Bioperl: Parameter tag style

Steve A. Chervitz
Thu, 8 Jan 1998 15:40:39 -0800 (PST)

A correction:

> I didn't modify _rearrange() at all. The statements below are equivalent:
>  $aln = new Bio::Tools::UnivAln(SEQS =>\@seqs);
>  $aln = new Bio::Tools::UnivAln(-seqs =>\@seqs);

This is not true. I did in fact change one line:

return @param unless (defined($param[0]) && $param[0]=~/^-/); 

return @param unless (defined($param[0]) && $param[0]=~/^-|^[A-Z]$/); 

So the two statements above are equivalent with my version only.

A potential problem with my version occurs when _rearrange() is 
called with a set of arguments which are not to be treated as named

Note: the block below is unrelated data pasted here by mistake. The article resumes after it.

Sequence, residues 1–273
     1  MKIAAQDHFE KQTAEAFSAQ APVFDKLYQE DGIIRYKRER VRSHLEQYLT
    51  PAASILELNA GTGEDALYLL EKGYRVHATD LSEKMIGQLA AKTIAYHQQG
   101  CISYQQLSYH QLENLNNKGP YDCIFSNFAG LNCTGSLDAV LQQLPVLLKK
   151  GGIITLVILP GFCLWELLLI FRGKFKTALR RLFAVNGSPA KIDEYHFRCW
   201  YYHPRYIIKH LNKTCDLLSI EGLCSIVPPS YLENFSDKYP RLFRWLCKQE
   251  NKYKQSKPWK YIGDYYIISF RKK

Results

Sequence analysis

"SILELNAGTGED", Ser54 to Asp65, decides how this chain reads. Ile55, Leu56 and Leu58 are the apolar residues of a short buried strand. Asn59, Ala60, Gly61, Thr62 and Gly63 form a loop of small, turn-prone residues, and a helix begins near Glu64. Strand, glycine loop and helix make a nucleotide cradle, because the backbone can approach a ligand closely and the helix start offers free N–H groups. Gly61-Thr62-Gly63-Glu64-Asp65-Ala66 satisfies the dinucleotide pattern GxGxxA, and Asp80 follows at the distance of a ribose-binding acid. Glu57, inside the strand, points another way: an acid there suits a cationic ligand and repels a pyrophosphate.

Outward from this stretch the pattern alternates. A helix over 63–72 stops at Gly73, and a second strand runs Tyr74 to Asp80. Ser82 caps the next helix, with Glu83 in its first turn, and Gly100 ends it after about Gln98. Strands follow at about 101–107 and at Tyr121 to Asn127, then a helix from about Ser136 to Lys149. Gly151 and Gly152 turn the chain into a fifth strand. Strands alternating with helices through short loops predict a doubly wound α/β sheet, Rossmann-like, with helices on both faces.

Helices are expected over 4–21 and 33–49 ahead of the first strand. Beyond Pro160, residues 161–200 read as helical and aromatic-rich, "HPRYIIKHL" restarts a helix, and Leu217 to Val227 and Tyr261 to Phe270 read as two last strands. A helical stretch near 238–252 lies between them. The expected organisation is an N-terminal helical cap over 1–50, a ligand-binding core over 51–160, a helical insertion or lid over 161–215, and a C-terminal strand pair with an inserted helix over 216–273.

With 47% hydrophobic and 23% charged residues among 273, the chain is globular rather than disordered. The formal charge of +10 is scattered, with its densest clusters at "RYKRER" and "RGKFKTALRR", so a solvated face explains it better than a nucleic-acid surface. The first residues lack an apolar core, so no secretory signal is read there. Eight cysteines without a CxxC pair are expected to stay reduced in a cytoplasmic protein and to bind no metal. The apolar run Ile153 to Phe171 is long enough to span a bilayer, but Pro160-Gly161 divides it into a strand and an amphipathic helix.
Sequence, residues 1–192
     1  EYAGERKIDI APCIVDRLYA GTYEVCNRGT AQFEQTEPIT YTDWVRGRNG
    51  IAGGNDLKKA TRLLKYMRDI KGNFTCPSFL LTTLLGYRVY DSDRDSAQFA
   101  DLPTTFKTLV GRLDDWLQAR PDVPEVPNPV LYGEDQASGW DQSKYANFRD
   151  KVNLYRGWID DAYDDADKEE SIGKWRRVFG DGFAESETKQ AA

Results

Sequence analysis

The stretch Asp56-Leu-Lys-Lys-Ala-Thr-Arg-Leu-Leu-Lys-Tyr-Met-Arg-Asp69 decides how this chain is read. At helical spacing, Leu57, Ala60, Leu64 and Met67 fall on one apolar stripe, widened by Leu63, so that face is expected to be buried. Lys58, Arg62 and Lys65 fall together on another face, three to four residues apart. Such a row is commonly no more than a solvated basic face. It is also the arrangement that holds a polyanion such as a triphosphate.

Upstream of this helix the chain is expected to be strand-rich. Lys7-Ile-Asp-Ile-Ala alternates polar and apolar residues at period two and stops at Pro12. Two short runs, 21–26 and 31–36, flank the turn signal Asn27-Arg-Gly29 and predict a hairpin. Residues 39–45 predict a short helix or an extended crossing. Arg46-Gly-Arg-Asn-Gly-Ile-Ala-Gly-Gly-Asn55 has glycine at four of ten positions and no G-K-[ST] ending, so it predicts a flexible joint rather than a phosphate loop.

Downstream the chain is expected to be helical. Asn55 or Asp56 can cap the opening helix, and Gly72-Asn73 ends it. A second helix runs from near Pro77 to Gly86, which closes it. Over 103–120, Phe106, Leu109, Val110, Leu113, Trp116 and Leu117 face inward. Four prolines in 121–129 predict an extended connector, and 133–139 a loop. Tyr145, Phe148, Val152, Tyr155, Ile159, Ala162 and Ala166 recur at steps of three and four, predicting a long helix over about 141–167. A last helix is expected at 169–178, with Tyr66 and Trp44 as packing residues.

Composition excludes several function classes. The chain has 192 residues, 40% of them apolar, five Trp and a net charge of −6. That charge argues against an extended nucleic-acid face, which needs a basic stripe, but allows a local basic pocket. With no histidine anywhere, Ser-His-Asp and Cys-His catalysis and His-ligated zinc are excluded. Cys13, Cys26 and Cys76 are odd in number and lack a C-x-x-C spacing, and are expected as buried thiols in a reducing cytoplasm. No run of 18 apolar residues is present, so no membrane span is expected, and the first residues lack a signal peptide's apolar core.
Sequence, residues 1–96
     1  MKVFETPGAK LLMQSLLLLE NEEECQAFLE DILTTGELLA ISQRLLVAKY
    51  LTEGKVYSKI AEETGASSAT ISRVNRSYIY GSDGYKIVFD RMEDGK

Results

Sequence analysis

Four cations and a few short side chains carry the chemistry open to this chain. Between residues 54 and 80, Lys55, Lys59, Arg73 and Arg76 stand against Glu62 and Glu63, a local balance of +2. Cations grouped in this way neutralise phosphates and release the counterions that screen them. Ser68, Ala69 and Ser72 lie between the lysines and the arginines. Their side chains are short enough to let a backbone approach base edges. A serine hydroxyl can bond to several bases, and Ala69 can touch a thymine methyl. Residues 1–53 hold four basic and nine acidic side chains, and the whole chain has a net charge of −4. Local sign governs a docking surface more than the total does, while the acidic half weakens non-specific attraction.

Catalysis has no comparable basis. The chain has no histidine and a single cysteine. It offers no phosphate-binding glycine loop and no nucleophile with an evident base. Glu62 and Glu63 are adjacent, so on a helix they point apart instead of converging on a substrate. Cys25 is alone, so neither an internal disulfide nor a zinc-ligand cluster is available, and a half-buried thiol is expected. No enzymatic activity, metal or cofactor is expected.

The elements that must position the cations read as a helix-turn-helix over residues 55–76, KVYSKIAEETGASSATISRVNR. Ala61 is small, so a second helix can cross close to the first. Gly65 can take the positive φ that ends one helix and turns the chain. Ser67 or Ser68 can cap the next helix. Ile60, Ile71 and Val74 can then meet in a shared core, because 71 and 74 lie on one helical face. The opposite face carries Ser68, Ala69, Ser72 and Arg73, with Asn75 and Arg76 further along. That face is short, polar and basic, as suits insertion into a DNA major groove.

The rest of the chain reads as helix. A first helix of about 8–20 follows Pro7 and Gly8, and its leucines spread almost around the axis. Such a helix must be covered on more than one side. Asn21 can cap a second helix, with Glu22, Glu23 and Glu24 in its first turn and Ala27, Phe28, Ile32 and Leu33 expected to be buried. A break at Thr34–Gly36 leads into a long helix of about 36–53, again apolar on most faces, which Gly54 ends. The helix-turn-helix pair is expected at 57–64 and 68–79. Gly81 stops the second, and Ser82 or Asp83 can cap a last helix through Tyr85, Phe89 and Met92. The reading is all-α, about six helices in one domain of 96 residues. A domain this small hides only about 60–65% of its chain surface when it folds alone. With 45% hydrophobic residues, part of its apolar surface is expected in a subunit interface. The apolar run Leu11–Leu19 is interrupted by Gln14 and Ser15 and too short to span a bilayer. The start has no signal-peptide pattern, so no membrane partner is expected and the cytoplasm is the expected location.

parameters, yet the first arg is all cap:
_rearrange('FOOVAL', 'barval') vs. _rearrange( FOO => 'fooval').
But in practice this has not been a problem (famous last words:).

Perhaps it would be best to require all named parameters to begin with 
a hyphen, all caps or not.


Side Note (and new issue!):

All of my modules inherit rearrange() from my

Note also that originally I removed the underscore from _rearrange() 
since I considered this a protected method, not private. Traditionally in 
perl, leading underscores are reserved for private methods. I haven't 
discovered a perl convention for methods that are to be considered 
protected. It may be best to also name these with leading underscores 
since protected methods are not part of a class's public interface.

Consistent naming of private and protected methods would also facilitate 
the operation of a module by itself or within an inheritance hierarchy, 
as I am using PreSeq and UnivAln. Therefore, in the future I plan to use 
leading underscores for protected as well as private methods (unless I 
learn of a better perl convention or mechanism).

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